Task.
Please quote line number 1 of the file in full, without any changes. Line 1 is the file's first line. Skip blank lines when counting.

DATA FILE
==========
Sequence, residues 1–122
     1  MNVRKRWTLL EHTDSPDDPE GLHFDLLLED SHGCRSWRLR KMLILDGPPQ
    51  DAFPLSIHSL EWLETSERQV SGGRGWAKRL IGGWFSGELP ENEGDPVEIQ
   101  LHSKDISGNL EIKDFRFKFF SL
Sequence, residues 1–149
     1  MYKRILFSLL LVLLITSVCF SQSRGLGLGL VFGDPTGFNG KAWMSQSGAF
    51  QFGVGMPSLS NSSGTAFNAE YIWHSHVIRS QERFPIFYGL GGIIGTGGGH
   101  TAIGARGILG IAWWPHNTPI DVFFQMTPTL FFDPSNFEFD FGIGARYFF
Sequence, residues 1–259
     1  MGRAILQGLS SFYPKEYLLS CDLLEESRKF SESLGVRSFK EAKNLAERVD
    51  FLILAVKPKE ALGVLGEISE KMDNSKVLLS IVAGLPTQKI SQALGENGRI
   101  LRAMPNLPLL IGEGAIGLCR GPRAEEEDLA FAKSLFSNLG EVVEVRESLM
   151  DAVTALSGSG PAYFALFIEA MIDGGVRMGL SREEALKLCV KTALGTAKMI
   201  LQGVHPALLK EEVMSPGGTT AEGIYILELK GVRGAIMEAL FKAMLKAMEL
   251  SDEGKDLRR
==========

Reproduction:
Sequence, residues 1–122